EBOLA, A MAJOR THREAT TO GREAT APES Awareness that health and biodiversity conservation are linked is increasing, in the case of great ape conservation, disease threats have moved to center stage. Ebola hemorrhagic fever (EHF) is thought be a major driver in gorilla and chimpanzee population declines in Africa, rivaling hunting and habitat loss as a major threat to their survival. The health crisis facing these endangered species underlies the need to understand more about this disease, how it affects apes and what can be done to fight the disease.
HF is caused by the Ebolavirus (EBOV), a negative-strand RNA virus of the Family Filoviridae. Although there are five recog- nized species of EBOV, only two have been implicated in great ape deaths; Zaire ebolavirus (ZEBOV) in the Democratic Re- public of Congo, the Republic of Congo and Gabon and Ivory Coast ebolavirus (CIEBOV) in the Ivory Coast. Precise mortality rates in great apes are missing but, based on field observations may reach 90% (Formenty et al., 1998; Walsh et al., 2003; Cail- laud et al., 2006; Bermejo et al., 2006) EBOV is transmitted through direct contact with body fluids of infected animals or persons (Jaax et al., 1995; Leroy et al., 2004; Pourrut et al., 2005).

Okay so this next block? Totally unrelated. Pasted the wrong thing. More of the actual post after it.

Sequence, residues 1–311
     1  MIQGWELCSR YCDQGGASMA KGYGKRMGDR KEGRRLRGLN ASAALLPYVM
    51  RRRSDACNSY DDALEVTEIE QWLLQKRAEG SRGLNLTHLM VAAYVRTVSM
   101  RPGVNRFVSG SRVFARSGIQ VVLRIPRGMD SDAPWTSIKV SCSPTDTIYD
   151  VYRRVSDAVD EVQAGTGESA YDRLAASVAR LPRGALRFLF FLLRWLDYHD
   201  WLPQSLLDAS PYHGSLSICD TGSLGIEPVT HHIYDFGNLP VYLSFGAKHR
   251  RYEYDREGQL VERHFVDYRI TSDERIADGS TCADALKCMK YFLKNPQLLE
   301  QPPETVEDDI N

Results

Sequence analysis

Figure 16: Ebola epidemic outbreaks across the Congo Basin are a significant threat to gorillas, and also impact the few re- maining populations less exposed to poaching and habitat loss.
Figure 17: Ebola is a major threat particularly to the gorillas, with severe casualties following outbreaks. As these come in ad- dition to deaths from poachers and habitat loss, the outbreaks can become detrimental.